With a Missouri House committee expected to vote this week on the “religious freedom” amendment, Republican lawmakers are feeling pressure from both sides of the issue.
Opponents of the proposal — known as Senate Joint Resolution 39 or SJR39 — are pushing legal analyses that say it is poorly written and could have wide-ranging, unintended consequences.
Meanwhile, proponents are openly discussing political payback for any Republicans who stand in the way of the legislation.
The bill would ask voters to amend Missouri’s constitution to protect certain individuals and businesses who cite religious beliefs to deny service to a same-sex couple.
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House Emerging Issues Committee Chairman Elijah Haahr, a Springfield Republican, says he expects to hold a vote on the legislation this week. The committee is scheduled to meet Tuesday night, and typically meets Wednesday night as well.
Supporters of the bill say it is narrowly drafted to only target businesses and individuals who don’t wish to participate in same-sex weddings, such as florists or bakers. But that conclusion is being challenged by a legal analysis by Husch Blackwell attorney Harvey Tettlebaum that says the proposal’s vague wording could be stretched to include a wide swath of situations.
“The ramifications of this include the following: judges refusing to marry same-sex couples; county employees refusing to issue marriage licenses to same-sex couples; and department of revenue officials refusing to accept joint tax returns of same-sex couples, with the agency employing the individual powerless to take any employment action against the employee,” Tettlebaum said.
A group of law professors from the University of Missouri-Kansas City, the University of Missouri-St. Louis, Washington University and St. Louis University go a step further. They argue in a legal analysis that vague wording in the proposed amendment could provide legal protections in criminal proceedings, too, such as trespassing, assault or even murder.
“This is an extremely broad law disguised as a narrow law,” Elizabeth Sepper, associate professor at Washington University School of Law and one of the authors of the analysis, told The Star. “This is not a well-drafted amendment. It’s broad in ways that voters may not catch on to.”
Allen Rostron, a constitutional law professor at the University of Missouri-Kansas City who is not affiliated with any of analyses of the proposal, said he doesn’t see any way a judge or prosecutor would ever interpret the proposed constitutional amendment as allowing someone to literally get away with murder.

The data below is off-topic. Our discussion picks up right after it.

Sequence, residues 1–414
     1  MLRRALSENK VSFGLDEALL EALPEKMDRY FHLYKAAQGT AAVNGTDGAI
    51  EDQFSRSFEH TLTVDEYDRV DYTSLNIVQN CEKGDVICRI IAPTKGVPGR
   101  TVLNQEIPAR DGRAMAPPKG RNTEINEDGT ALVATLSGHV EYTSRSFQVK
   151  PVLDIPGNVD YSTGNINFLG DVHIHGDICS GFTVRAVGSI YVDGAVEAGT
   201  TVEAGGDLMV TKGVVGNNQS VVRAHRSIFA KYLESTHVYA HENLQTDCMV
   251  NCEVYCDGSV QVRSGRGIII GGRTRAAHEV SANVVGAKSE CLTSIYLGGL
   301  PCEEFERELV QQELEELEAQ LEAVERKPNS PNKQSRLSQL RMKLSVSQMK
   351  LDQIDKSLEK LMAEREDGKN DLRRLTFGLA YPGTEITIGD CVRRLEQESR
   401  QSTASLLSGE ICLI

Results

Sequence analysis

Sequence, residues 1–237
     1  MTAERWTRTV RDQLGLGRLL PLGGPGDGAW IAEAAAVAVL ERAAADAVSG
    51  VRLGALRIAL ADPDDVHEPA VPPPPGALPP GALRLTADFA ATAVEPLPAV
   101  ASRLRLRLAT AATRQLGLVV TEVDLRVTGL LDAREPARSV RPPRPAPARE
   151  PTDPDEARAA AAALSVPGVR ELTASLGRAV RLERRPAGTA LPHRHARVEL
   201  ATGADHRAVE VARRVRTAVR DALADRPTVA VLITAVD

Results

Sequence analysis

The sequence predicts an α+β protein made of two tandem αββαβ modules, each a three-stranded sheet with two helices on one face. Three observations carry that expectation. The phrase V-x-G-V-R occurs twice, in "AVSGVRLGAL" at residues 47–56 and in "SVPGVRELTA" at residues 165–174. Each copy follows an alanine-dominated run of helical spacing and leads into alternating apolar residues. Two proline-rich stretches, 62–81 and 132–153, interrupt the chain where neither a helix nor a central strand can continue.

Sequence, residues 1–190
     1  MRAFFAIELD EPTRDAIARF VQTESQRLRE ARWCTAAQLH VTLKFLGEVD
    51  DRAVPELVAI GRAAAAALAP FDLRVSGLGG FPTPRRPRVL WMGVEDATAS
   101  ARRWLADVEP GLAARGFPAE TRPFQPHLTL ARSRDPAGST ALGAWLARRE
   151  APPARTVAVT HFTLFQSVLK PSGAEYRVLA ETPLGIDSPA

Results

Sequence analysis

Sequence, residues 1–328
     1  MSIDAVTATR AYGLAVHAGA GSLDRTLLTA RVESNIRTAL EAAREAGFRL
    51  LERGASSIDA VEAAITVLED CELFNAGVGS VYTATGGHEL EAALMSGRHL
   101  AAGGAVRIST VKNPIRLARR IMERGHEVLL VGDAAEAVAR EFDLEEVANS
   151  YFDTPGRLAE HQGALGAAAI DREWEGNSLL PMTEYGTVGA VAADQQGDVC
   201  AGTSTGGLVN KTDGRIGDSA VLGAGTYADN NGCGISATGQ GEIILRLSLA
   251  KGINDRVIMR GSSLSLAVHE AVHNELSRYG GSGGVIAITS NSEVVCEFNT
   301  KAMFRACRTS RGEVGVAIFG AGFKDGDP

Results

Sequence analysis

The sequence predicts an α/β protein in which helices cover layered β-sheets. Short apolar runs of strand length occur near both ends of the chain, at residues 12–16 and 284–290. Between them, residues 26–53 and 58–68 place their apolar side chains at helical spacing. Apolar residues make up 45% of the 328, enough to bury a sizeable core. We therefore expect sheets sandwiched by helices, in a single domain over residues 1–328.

But he agrees there are “are a lot of problems with how this amendment is drafted.”
“Because of the way it is written,” Rostron told The Star, “I think there are a lot of risk to putting this in the state’s constitution.”
Meanwhile, supporters of the amendment are pointing to a pair of Republicans on the House Emerging Issues Committee who are expected to oppose the measure — Reps. Caleb Rowden of Columbia and Anne Zerr of St. Charles County — and contemplating electoral payback.
Zerr is already in a Republican primary for a seat in the Missouri Senate.
Rowden is running against Democratic Rep. Stephen Webber for a Columbia-based seat in the Senate — a race widely considered one of the few that will be competitive in the Senate this year.
In a series of social media posts last week, Missouri Baptist Convention director of public policy Don Hinkle began openly calling for a third-party candidate for the Rowden-Webber contest.
“I've got a former Army Ranger in Columbia who would make an excellent candidate, running as an independent for the state Senate seat in Columbia,” Hinkle wrote. “He supports SJR 39, too!”
He went on to discuss how to get someone on the ballot as an independent.
“All we need is to get signatures of about 2 percent of the total number of voters from the last state senate race that Rowden is running for,” Hinkle said. “That person would be on the ballot as an independent for the November election. I think we need to ramp this effort up.”
The House Emerging Issues Committee was originally expected to vote on the bill last Wednesday, but Haahr said he’d give lawmakers until this week to study testimony and legal opinions provided to them. Democrats, however, argued that the fact the vote was delayed meant that support for the legislation was eroding.
The bill has already passed the Senate. If it clears the House it would be placed on the ballot for statewide voters later this year.